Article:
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Assumption Church in Windsor, Ont., has been added to The National Trust’s Top Ten Endangered Places list. Register file photo

Historic Windsor’s church is added to endangered places list

By  Ron Stang, Catholic Register Special
  • June 3, 2015

WINDSOR, Ont. - Our Lady of Assumption Church has been placed on Canada’s 2015 Top Ten Endangered Places list.

The list, published by Heritage Canada’s The National Trust, draws attention to buildings of extraordinary architectural or historical value that if not soon preserved could fall into such disrepair they may never be saved.

Heritage Canada also has a Worst Losses list for buildings that have met that fate.

Carolyn Quinn, National Trust spokeswoman, said being on the list “has been known to make a difference. Bringing national attention to an endangered heritage building helps to give credibility to those working on the ground to preserve the site, and to their message about its heritage value and significance.”

That was the intention of two local heritage activists in nominating the venerable church, more than 170 years old and closed by the Diocese of London last November.

“I don’t think there’s anything that quite matches the stature of Assumption” in Windsor, said Lynn Baker, a member of the local chapter of the Architectural Conservancy of Ontario. “It’s the oldest continuing Catholic parish west of Montreal.”

The Trust calls the building “a prominent landmark steeped in history — a Gothic Revival tour de force” built on land donated by the Huron Nation and associated with an earlier Jesuit mission serving First Nations and the area’s first French farmers.

It’s also central to the founding of Assumption College, which became the University of Windsor.

The church is prominently located near the Windsor waterfront and at the foot of the university campus, and can be readily seen from the Ambassador Bridge connecting Windsor and Detroit.

The church is in major need of repair with costs estimated between $10-$15 million. Essential work is required for structural, electrical and mechanical issues.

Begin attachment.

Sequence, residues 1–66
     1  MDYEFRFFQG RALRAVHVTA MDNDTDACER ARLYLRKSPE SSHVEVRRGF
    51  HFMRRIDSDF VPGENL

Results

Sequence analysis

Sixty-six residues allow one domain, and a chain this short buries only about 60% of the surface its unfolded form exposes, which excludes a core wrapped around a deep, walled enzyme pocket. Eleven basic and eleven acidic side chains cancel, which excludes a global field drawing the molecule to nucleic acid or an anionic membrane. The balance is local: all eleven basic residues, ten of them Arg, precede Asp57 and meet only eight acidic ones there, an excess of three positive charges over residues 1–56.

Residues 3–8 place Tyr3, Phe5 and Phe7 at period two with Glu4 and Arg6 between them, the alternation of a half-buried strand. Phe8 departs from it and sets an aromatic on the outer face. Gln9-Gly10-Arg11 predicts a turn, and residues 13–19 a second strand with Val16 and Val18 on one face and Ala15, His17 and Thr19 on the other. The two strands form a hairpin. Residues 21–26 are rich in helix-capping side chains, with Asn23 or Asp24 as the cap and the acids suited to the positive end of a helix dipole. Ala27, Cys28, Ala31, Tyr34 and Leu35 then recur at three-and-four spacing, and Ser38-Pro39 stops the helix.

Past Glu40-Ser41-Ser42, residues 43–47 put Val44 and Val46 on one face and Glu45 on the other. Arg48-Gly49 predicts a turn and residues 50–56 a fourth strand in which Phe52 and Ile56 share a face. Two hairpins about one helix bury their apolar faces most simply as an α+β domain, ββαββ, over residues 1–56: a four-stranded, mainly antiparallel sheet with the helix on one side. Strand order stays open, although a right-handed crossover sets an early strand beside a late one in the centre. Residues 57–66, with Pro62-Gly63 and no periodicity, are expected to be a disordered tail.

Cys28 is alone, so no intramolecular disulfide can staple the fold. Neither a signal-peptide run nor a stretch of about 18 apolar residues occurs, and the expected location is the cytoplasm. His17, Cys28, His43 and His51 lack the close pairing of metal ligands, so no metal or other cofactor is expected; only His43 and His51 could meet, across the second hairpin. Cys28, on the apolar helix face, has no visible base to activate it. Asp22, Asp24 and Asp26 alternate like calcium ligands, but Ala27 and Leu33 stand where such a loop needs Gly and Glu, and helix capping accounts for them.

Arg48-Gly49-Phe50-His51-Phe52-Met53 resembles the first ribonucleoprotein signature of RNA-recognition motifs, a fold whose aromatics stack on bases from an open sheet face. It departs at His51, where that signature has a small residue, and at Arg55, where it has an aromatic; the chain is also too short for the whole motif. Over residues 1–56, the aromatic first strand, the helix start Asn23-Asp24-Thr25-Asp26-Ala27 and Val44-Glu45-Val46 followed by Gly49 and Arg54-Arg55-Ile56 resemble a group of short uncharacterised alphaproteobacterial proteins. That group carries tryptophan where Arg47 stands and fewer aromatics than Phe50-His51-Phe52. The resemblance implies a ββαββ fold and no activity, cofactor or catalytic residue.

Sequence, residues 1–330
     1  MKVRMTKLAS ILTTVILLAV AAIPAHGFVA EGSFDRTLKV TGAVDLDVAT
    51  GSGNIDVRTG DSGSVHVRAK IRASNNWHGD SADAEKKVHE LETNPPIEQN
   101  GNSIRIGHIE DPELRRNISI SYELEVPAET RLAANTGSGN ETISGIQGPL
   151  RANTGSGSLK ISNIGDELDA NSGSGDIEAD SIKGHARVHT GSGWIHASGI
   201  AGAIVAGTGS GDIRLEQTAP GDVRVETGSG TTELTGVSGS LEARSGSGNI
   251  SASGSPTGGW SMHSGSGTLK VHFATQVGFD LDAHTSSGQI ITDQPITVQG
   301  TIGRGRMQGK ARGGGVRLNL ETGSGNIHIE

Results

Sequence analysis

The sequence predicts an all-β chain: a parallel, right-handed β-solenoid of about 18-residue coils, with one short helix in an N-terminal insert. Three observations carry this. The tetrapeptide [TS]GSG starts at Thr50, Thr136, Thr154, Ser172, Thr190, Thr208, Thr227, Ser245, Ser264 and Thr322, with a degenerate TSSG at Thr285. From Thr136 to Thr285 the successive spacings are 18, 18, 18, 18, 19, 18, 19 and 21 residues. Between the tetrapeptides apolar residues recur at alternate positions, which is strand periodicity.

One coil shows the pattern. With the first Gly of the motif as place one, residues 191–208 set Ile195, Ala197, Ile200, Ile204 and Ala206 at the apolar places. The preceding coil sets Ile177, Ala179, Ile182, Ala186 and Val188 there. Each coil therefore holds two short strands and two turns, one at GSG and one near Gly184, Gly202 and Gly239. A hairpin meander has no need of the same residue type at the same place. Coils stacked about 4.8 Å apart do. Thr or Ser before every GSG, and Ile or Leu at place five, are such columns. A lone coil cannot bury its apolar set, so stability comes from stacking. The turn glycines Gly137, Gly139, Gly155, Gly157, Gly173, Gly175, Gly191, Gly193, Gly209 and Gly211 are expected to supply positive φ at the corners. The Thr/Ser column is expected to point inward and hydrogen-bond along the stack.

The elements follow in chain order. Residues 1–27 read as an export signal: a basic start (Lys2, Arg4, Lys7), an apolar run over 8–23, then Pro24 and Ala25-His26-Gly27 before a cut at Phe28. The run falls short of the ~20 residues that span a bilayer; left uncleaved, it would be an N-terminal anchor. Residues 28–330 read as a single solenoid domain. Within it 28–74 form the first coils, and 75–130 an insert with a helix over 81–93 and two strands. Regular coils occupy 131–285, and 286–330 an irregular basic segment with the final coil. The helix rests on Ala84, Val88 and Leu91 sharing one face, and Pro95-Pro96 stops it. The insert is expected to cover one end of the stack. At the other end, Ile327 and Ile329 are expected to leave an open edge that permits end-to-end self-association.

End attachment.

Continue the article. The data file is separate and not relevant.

There have been several efforts by the local community to save the church but all have fallen flat. The plug was pulled on a high-profile fundraising campaign in 2012 after an audit found most of the money wasn’t being directed to the church. Then the diocese rejected an offer of $3 million by a well-known businessman after he was charged with weapons offences. A $10-million offer by another wealthy citizen came forward last year but Bishop Ronald Fabbro said there were “complexities” to it and the donation was not accepted.

Baker hopes that having the church on the endangered list will draw national attention.

“The more publicity that you can get the more you might be able to get somebody’s attention and make them realize that this is a very important building, not just for Windsor and Essex County but across the country,” she said.

Chris Holt, another heritage activist and city councillor, who also nominated the church for the list, said he can’t understand why the diocese never kept up the repair of the building.

“Like any private structure it’s up to the owner to take care of their structure,” he said. “I’m a homeowner and I’m clearly not as wealthy as the Catholic Church. But when something goes wrong with my building — my house — I fix it.”

While Assumption Church remains closed, Assumption parish has moved to Holy Name of Mary Church just a few blocks away. That church is a stunning Gothic Revival built in the 1920s and listed on the city’s heritage register. Ironically, it was reopened after it had been closed for parish reorganization.

Baker lauded the diocese for keeping up the condition of that church.

“I’d love to see Assumption get the same kind of treatment,” she said.

Said the Trust: “There is no indication of the diocese’s intentions for the future of the building. In the meantime, portions of the brick façade are crumbling.”

The diocese did not have any comment on the list.

(Stang is a freelance writer in Windsor, Ont.)

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